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Eye of the Hurricane

August 7, 2014
Cape Coral Daily Breeze

The prospect of Hurricane Charley evoked no fear - most Cape Coral residents went through the precautions almost by rote. Check the canned goods supply, buy batteries and bottled water, gas up the car and board up the windows.

With Charley, a Category 2 storm, expected to make landfall up around Tampa, we went to bed Aug. 12, 2004 with the prospect of facing some strong winds and heavy rains the next morning.

We soon learned Mother Nature is anything but predictable.

By mid-morning, Hurricane Charley was strengthening - it became a Category 3, then a Category 4 with the prospect of becoming a killer Category 5 by the time it made landfall. And landfall had shifted to Lee County with the Cape dead on in the eye's path.

The situation had moved rapidly from the routine to the critical and it was too late for most of us to evacuate. While residents of Fort Myers Beach, Sanibel and Pine Island sought refuge, Cape Coral called for evacuations downtown, around the Yacht Club and Bimini Basin. The rest of us hunkered down in the dim light of homes cloaked with plywood or hurricane shutters.

Charley, though, took a slight jog north and, at about 3:45 p.m. on Friday the 13th, the storm bearing winds up to 145 mph ripped through North Captiva cutting the barrier island in half, torn through the northern tip of Pine Island and roared its way through Punta Gorda en route to Arcadia, leaving a path of destruction in its wake. Official landfall was Caya Costa, about 20 miles from Cape Coral.

While we escaped the heavy devastation of our neighbors, Cape Coral did not escape Charley's wrath. While the storm was short in duration, passing over us in little more than an hour, thousands upon thousands of homes suffered damage. Ruined roofs. Destroyed lanais. Collapsed pool cages. Uprooted trees and landscaping.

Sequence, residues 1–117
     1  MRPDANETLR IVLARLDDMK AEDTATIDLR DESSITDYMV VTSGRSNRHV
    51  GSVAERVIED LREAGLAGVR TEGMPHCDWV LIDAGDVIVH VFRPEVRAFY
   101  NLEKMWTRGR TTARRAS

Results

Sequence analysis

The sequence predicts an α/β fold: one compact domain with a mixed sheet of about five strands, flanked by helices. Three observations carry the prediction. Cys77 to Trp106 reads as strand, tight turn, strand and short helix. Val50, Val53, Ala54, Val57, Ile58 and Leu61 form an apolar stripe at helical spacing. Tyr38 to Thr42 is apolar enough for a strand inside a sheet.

And debris everywhere.

City officials estimate 41 percent of the homes in the city suffered harm and damage estimates quickly rose from $305 million to $600 million in Cape Coral alone...

- Eye of the Hurricane

Nature's Fury 2004

Breeze Newspapers

* * *

Wednesday, Aug. 13, will mark the 10th anniversary of Hurricane Charley, the first of four hurricanes to hit the state in less than six weeks.

Charley was followed by Hurricane Frances on Sept. 5, Hurricane Ivan on Sept. 16 and Hurricane Jeanne on Sept. 25 - marking 2004 as the year of the hurricane for Floridians statewide.

Frances, which made landfall just north of West Palm Beach, triggered the then-largest evacuation in the state's history.

Ivan made landfall in Alabama but spawned tornadoes in northern Florida that left half a dozen people dead.

Jeanne, a Category 3 with winds in excess of 125 mph, blew in at Hutchinson Island - just two miles from where Frances had made landfall less than three weeks before.

Collective damage was in the billions.

There is more to remember as we note the anniversary, though, than damage and destruction.

Hurricane Charley also marked a remarkable time in our community's history as neighbor stepped forward to help neighbor and those who had - extra ice, plastic tarp, chainsaw, pickup truck, or just a strong back - shared and pitched in.

Hurricane Charley also exemplified the efforts of countless public and private sector workers and officials including, but not limited to, public safety and public works personnel and utilities and solid waste collection employees.

By the hundreds, they unflinchingly put in the hours and the effort needed to get roads open and roofs covered and the water plant back up and running even as LCEC worked to restore electricity to an entire city without.

A virtual workers army got tons upon tons of debris cleared and picked up, and meanwhile expedited permitting to make it possible for home and business owners to get houses and commercial buildings repaired.

The summer of 2004 remains a proud moment, a shining example of a people and a place that came together and did what needed to be done.

Our most vivid memory of Hurricane Charley?

We were never more proud to call Cape Coral home.

-Breeze editorial

 
 
 

 

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